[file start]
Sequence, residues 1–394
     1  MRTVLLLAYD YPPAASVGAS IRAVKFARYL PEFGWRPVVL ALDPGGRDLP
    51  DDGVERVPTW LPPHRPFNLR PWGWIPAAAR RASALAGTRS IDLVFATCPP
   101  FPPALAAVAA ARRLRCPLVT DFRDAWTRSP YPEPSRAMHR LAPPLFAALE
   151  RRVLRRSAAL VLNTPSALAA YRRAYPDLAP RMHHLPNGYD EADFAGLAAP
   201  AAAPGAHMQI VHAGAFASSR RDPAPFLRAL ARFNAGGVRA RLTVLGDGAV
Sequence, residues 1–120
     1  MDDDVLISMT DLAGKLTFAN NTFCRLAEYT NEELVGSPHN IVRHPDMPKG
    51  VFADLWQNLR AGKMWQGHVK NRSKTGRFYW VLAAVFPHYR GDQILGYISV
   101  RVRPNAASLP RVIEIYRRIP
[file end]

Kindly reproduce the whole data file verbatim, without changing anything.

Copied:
Sequence, residues 1–394
     1  MRTVLLLAYD YPPAASVGAS IRAVKFARYL PEFGWRPVVL ALDPGGRDLP
    51  DDGVERVPTW LPPHRPFNLR PWGWIPAAAR RASALAGTRS IDLVFATCPP
   101  FPPALAAVAA ARRLRCPLVT DFRDAWTRSP YPEPSRAMHR LAPPLFAALE
   151  RRVLRRSAAL VLNTPSALAA YRRAYPDLAP RMHHLPNGYD EADFAGLAAP
   201  AAAPGAHMQI VHAGAFASSR RDPAPFLRAL ARFNAGGVRA RLTVLGDGAV
Sequence, residues 1–120
     1  MDDDVLISMT DLAGKLTFAN NTFCRLAEYT NEELVGSPHN IVRHPDMPKG
    51  VFADLWQNLR AGKMWQGHVK NRSKTGRFYW VLAAVFPHYR GDQILGYISV
   101  RVRPNAASLP RVIEIYRRIP